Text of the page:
Albert Lin, DiversityInc, December 23, 2013
Gossip site TMZ took some comments by music producer/executive Marion “Suge” Knight a step too far by putting up a poll on whether it is preferable to “refer to Black people as” African-Americans or n — -s.
With more than 80,000 votes, the N-word is winning 54 percent to 46 percent.
Predictably, response from the Black community has been outrage.
In an editorial of sorts on its website, Ebony wrote: “We’re done with TMZ and we hope that any self-respecting Black person who ever visited them for gossip or fun or folly or as a guilty pleasure will say the same. There is no coming back, no apology needed, no sensitivity training, nothing.”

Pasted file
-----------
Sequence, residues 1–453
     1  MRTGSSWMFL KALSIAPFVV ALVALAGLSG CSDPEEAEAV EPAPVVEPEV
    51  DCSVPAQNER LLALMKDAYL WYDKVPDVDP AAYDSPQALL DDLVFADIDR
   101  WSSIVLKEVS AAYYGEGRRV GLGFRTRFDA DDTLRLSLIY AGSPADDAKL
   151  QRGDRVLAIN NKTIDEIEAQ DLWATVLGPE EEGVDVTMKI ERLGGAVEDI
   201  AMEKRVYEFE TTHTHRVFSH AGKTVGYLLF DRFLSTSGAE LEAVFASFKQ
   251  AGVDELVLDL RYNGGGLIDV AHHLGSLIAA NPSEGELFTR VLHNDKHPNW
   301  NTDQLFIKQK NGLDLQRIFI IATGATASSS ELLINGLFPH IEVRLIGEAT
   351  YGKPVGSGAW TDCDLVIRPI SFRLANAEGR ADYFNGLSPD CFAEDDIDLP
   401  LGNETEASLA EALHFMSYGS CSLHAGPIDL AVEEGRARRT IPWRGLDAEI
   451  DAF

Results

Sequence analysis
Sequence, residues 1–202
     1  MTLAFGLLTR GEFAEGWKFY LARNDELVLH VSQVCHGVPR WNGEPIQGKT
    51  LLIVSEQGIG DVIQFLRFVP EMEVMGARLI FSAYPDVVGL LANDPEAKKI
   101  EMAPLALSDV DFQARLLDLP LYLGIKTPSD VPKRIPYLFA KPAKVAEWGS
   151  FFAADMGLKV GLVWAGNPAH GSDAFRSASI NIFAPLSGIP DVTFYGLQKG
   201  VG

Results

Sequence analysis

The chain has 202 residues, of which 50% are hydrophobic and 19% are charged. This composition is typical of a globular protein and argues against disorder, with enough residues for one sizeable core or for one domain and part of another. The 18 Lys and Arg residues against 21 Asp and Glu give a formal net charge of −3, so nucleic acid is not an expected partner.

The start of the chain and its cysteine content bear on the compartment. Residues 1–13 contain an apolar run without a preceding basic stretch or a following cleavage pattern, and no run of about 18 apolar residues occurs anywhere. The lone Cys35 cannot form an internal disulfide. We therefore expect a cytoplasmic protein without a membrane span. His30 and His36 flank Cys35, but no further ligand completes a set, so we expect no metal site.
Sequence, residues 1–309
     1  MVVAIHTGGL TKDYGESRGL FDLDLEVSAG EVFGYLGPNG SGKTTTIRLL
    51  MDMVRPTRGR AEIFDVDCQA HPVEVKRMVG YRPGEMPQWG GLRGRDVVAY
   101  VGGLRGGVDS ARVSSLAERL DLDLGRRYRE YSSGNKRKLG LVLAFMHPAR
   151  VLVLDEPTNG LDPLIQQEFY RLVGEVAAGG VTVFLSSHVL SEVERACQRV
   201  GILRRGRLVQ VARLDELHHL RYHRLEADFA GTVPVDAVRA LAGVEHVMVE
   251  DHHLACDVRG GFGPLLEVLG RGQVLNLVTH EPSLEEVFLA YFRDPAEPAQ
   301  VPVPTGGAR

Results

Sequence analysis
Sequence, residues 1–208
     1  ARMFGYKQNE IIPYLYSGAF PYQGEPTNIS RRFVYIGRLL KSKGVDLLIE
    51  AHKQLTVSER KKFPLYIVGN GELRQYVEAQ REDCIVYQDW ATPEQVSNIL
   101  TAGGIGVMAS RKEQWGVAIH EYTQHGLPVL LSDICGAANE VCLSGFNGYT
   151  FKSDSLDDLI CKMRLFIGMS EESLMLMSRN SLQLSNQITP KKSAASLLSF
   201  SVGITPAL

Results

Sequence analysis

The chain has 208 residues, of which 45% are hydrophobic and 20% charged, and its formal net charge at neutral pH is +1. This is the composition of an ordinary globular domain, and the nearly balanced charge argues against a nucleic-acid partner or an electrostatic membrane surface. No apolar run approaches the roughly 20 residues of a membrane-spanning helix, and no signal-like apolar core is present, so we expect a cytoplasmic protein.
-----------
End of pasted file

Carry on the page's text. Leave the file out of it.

Knight told TMZ that certain uses of the N-word are acceptable. He added, “I like [the N-word] better than ‘African-American.’ We’re not from Africa; we’re Black. Even Africans don’t call themselves African — if they’re from Kenya, they say they’re Kenyan.”
In a separate interview, Public Enemy front man Chuck D told TMZ that he does not believe the N-word can be used as loosely as Knight suggested. “Being called Black in America is the struggle to keep us moving and breathing over bloody water,” he said. “Being a [N-word] without the context of history is like drowning in bloody water, dragging down those yet knowing to swim.”